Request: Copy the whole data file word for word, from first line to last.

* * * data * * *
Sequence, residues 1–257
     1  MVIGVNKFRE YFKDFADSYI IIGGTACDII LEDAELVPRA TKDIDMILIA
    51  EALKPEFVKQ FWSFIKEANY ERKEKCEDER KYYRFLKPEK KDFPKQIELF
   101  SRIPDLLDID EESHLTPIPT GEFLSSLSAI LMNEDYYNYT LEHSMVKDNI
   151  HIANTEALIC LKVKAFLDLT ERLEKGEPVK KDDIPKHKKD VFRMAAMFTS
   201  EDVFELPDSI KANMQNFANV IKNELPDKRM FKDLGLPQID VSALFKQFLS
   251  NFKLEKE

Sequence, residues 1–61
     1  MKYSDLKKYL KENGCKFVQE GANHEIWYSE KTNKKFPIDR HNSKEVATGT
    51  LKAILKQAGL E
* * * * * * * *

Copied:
Sequence, residues 1–257
     1  MVIGVNKFRE YFKDFADSYI IIGGTACDII LEDAELVPRA TKDIDMILIA
    51  EALKPEFVKQ FWSFIKEANY ERKEKCEDER KYYRFLKPEK KDFPKQIELF
   101  SRIPDLLDID EESHLTPIPT GEFLSSLSAI LMNEDYYNYT LEHSMVKDNI
   151  HIANTEALIC LKVKAFLDLT ERLEKGEPVK KDDIPKHKKD VFRMAAMFTS
   201  EDVFELPDSI KANMQNFANV IKNELPDKRM FKDLGLPQID VSALFKQFLS
   251  NFKLEKE

Sequence, residues 1–61
     1  MKYSDLKKYL KENGCKFVQE GANHEIWYSE KTNKKFPIDR HNSKEVATGT
    51  LKAILKQAGL E